They were eating a team meal in Albuquerque and eager for the following day’s track meet.
The UNLV women, although an underdog entering last weekend’s Mountain West indoor championship to two-time defending champion Colorado State, sensed they had the athletes to win the program’s first league title in more than two decades.
They were at a restaurant near the mall, and probably there for about 10 minutes, when someone rushed inside and announced that the vans parked outside had just been broken into and asked if anyone knew who they belong to.
Those vans were the ones the Rebels had rented for the weekend. The thieves had broken the windows and taken everything — laptop computers and other electronic devices, wallets with cash and identification, headphones, text books, car keys, and track shoes and other gear needed for competition.
The snatch-and-grab job affected 12 athletes for a loss of nearly $15,000, coach YvonneWade said.
With no shoes, how would they compete?
That’s when UNLV equipment manager Tausha Smith came to the rescue. She grabbed extra spikes in storage on campus and jumped on an early flight. She was able to deliver the gear to the team, which did the rest.
The players weren’t rattled by what happened. Rather, they were motivated and wouldn’t be denied. They won the elusive title, the program’s first since 1993.
“We are built for things like this,” said sophomore Kaysha Love, who was on the Rebels’ champion 1600 meter relay team and also grabbed a silver medal in the 200 meter.
“You can look at anything as a hindrance. But when you want to win something so badly, you won’t let anything get in the way. That’s how we came together,” Love said.
As Wade started taking inventory of what was missing, her attention quickly shifted to the three-day meet. Instead of focusing on what was lost, she instructed athletes to focus on what could be won. Last year, they lost by 3.5 points.
From coordinating with the University of New Mexico to help with gear UNLV didn’t have in stock to keeping players focused on the meet, Wade was brilliant, her athletes said. She was named the league’s coach of the year.
“It pissed them off. You tell these girls something will stop them, and they will defy it,” Wade said. “We had every intention of going for the win coming in. This was just another hurdle in our way.”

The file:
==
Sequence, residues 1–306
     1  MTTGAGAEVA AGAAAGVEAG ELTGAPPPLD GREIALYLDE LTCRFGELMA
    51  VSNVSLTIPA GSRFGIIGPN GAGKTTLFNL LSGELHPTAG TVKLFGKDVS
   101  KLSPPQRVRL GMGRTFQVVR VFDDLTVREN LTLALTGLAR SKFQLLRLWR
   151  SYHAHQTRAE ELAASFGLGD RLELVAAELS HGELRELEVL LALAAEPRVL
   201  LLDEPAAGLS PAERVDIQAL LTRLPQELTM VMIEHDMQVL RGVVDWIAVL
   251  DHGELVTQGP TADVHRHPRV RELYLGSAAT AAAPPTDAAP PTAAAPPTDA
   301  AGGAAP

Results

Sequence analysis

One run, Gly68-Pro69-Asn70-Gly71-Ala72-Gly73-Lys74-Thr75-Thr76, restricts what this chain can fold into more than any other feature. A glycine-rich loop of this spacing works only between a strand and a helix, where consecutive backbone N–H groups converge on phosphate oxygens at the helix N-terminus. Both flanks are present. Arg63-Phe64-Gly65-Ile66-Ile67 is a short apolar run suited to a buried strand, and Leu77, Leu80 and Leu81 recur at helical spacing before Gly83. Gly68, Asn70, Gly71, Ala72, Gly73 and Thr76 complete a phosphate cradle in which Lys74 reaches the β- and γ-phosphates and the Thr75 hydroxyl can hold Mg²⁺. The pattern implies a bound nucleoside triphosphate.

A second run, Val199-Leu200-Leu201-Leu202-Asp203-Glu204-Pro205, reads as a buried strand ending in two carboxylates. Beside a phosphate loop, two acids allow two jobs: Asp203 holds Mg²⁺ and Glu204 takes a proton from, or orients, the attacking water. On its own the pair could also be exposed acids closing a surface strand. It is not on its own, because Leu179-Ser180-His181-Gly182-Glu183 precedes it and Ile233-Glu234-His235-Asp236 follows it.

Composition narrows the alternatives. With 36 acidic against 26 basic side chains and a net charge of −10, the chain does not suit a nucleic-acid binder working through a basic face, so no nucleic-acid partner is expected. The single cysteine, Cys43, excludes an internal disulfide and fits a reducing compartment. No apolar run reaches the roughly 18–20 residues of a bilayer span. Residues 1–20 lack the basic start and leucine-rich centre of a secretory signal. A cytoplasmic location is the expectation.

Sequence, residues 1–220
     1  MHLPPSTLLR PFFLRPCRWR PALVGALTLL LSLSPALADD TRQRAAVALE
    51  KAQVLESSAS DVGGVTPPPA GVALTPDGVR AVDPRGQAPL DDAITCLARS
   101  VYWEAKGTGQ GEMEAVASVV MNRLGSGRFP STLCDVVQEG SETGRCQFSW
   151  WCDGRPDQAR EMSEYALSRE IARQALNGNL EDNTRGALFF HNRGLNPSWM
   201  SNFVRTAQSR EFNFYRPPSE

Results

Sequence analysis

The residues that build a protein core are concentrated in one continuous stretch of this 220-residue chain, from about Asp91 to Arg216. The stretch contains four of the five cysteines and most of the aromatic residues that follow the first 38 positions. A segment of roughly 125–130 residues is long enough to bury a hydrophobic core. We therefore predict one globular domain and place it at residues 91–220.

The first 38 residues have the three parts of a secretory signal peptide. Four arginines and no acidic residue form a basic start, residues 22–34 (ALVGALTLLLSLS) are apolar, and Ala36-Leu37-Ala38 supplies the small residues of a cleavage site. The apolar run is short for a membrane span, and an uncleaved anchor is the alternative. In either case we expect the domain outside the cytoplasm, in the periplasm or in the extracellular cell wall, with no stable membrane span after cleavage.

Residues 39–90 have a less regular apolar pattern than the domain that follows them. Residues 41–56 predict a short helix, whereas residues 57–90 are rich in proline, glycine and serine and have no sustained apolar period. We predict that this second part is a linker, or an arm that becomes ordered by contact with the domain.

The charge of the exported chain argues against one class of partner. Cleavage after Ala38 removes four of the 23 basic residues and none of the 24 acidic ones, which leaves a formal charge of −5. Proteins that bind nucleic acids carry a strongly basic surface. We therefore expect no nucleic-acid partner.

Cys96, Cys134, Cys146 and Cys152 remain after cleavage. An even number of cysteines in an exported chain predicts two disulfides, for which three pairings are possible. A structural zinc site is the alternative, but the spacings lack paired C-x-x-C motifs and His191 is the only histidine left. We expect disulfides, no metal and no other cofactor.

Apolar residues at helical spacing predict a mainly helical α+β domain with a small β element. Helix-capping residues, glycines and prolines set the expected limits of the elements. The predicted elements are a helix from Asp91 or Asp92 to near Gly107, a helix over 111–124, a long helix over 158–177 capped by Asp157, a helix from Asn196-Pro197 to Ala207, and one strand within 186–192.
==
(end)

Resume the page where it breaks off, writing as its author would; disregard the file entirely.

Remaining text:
There is no way to sugarcoat it: Losing a computer with school work saved on it is flat-out awful. Same for your identification, which was needed to travel back to Las Vegas. Breaking in new spikes — usually a two week process — hours before a big meet, could have altered the result.
Just not for these Rebels, who finished 14 points ahead of second-place Colorado State.
Najia Hudspeth won the 400 meters in a personal best time of 54.07 and anchored the champion relay team, whose time of 3:38.65 was the third fastest in UNLV history. Avi’Tal Perteete, also part of the relay team, took second in the 800 meters at 2:04.01, which is the 13th fastest time nationally.
In the 60 meters, the Rebels had three finishers in the top six to earn a pivotal 15 points. Jasmyne Graham’s personal best time of 8.78 seconds was good enough for second place; Jaela Williams and Amari Norris were fifth and six, respectively. In the field events, MacKenna Howard netted eight points with a second-place finish in the shot put at 52 feet, 11.50 inches.
The Rebels’ winning ways could just be getting started. They’ll transition next to the outdoor season, where they are expected to again compete for a championship. This time, of course, minus scrambling to replace stolen items.
“It is not a good feeling to sit down at dinner and be told your van is being broken into,” Wade said. “I am very pleased with these young ladies. They were focused. They didn’t look shook.”